One place to start might be for a fresh expression to look out for opportunities to serve its parent church. Might it provide the refreshments for a church study day, for example? There is nothing like loving kindness to open others' hearts.

Church at large

A third expression of the mixed economy occurs when emerging Christians connect to the church at large – through events run by local churches together, or through regional and national conferences and training events, or through accessing Christian resources and making Christian connections online.


Fourthly, the mixed economy develops when new Christian communities cluster together. In an English cathedral city, a small team hosts a monthly Sunday breakfast for people in the neighbourhood who don't attend church. Up to 60 have crammed into a house! Around the breakfasts are other events, such as ice cream parties in the summer and chocolate parties in winter.

When individuals start to ask questions about spirituality and faith, they are invited to a weekly meeting at which the core team eat together, plan, pray and study the Bible. If the person enjoys it, they are invited on to the team. Within two or three years, the team grew from 8 to 18 people. It multiplied into two cells. The cells meet together from time to time.

Picture the scene after five years. Some of the cells will no longer be new. They will represent an existing church. As new cells keep being added and cluster with these older cells, they will give birth to… a mixed-economy church.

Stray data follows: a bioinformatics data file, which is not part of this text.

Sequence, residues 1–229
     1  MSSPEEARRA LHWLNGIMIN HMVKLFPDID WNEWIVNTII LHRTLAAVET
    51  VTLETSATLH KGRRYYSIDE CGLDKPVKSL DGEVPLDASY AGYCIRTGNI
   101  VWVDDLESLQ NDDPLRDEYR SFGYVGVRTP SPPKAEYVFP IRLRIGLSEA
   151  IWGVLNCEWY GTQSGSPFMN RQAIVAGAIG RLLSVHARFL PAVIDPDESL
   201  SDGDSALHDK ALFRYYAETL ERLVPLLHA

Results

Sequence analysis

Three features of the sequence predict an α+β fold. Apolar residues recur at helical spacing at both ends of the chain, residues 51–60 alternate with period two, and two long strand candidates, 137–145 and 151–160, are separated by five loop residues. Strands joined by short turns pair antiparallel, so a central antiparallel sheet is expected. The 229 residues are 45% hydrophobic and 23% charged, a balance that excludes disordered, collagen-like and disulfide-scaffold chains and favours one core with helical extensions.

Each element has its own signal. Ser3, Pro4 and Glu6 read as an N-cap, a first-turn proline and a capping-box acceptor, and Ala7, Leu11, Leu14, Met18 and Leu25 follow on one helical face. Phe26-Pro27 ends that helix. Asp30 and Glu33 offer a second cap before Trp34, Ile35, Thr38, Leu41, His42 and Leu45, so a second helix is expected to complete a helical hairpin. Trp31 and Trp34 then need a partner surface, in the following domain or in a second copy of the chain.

If you lead a fresh expression, keep connecting to the wider body! Existing churches may be refreshed and energised by the new life you bring. Your fresh expression may be deepened by the wisdom and experience of established churches. It can be win-win for everyone.

Flying with two wings (Michael Moynagh)

Michael Moynagh asks why the church is flying with only one wing.

The church has been flying with one wing when it comes to making disciples. It is high time it flew with two.


The traditional wing has involved withdrawing from the world for short periods. Believers have withdrawn into God's family in Sunday worship, small groups, conferences and retreats to be immersed in the Christian story. With their faith deepened and invigorated, they have re-entered the world to serve God.

This model has deep roots in the Christian tradition. Indeed, it's what Jesus did. At times he withdrew from the crowds and instructed his disciples privately, as in Matthew 13.36-43. Christians need special times together to be formed in the faith.

But what happens if the church flies with this withdrawal wing alone? Christians gather to be spiritually nourished, but then they scatter to live out their faith as individuals. Practising the faith on your own can be difficult.


Alongside the withdrawal model of making disciples, fresh expressions of church are showing how believers can take the church with them when they engage with the world. As they join fellow Christians in serving others in a segment of their lives, they learn discipleship where life happens.

Discipleship through communities that are engaged with life makes sense for all sorts of reasons. Here are just three of them: